The goal of meditation is usually different for each person, but the essence of the practice is to connect the body and mind. Meditation brings awareness to the impact your breath has on your body: it oxygenates your cells and brings the mind into a state of quiet focus.
Meditation does not require you to sit still, and it does not require closed eyes or mudra hands. It can happen while you’re walking, lying down, sitting on a city bus, and while drawing, painting, sculpting, knitting, sewing, and other creative acts. Making art is another way to enter a meditative state of mind – and it can be an easier way to achieve this state of mind.
“Art is a guarantee to sanity.” – Artist Louise Bourgeois
Art therapist Jennifer Patterson, the instructor of “Creative Self-Care: Drawing as a Meditation,” which SkillShare.com offers, says, “Creative self-care is good for you because it can get you out of your head and into the present moment, helping to ground you and forget everything else for a few minutes.”
Even if you think you aren’t creative or think you can’t draw, you can still benefit from meditative drawing exercises. Set your self-judgment aside for 10 minutes and let yourself doodle!
The Richland Library in South Carolina has a great blog post that includes the simple mindful drawing exercise I’ve outlined below. All you need is a piece of paper, a pen, and 5-10 minutes to give it a try.
Let’s Get Started!
Take our your paper and pen. Any pen will work, and you can use any color. It’s best if your paper isn’t too large (so as not to overwhelm) and it’s blank.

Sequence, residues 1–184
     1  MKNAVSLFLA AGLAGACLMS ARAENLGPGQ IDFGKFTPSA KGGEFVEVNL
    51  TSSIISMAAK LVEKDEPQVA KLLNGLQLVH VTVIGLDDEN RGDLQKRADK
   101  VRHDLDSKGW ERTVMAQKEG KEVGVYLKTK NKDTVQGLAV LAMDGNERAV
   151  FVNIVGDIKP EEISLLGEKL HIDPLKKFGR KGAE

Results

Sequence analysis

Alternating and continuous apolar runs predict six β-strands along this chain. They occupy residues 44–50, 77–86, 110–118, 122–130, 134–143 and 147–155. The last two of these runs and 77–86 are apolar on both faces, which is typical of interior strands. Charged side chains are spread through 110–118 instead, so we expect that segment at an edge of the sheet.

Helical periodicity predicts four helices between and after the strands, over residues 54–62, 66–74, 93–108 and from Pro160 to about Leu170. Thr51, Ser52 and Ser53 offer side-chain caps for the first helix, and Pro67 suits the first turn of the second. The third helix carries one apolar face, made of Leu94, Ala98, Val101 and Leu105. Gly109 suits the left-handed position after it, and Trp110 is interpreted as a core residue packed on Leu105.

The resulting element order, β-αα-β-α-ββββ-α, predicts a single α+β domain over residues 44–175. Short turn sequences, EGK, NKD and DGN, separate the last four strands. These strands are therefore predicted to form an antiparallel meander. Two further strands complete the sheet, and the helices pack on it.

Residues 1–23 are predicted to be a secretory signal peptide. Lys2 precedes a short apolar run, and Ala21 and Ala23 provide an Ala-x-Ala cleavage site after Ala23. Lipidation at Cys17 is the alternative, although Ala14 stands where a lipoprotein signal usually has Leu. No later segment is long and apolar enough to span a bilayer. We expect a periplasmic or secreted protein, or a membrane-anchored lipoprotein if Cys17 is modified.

Now, get centered: close your eyes, take a few deep belly breaths, and bring your attention within. You want to actively move your consciousness from outside of your body to your head, then down to your heart, and finally to your belly; if you don’t think you know how to do this, just pretend – that will be enough.
Step One: Draw a simple small circle, using the 5-4-3-2-1 exercise:
- Notice 5 things you can see.
- Notice 4 things you can hear.
- Notice 3 things you can feel on your skin.
- Notice 2 things you can smell or taste.
- Notice how you feel inside.
Pay attention to the whole process.
- Notice the way the pen hits the paper and the mark it makes.
- Hear the sounds of the pen scratching across the paper.
- Feel your hand moving across the workspace and paper. Relax any tension that isn’t serving the process.
- Smell the paper and the ink.
- Notice how it feels to make a mark.
Step Two: Repeat Step One again and again. Pay attention as you create each new circle. You’ll want to connect the end-point of each circle to its beginning point. Draw slowly and mindfully enough that you don’t miss this step. If you start to lose focus, pause, breathe and refocus on each little circle. Keep drawing, slow, sure, focused, and breathe.
Step Three: Vary your circles. Make them smaller, bigger, nestle them next to each other, spiral inward, then outward, and so on, while making sure always to close your circles, end to end.
Step Four: As you make circles, notice your thoughts and let them pass by for later. Let yourself focus solely on making the circles beneath your hand. Don’t judge or restrict your thoughts; just let them float through your mind and out again. The circles don’t have to be perfectly round, but they need to be complete – with each end connected to the beginning.
When you feel like you’re done, take a look at the finished work, remembering that the process is what mattered, not the outcome. Be gentle with yourself throughout the exercise, but especially at the end. Even if you couldn’t escape your thoughts or don’t like what you made, be proud that you did the exercise.
If it feels good to you to share what you made, I’d love to see it! You can post your circle exercise on Instagram and tag @helloarthatchery to connect with us. Thanks for doodling along today!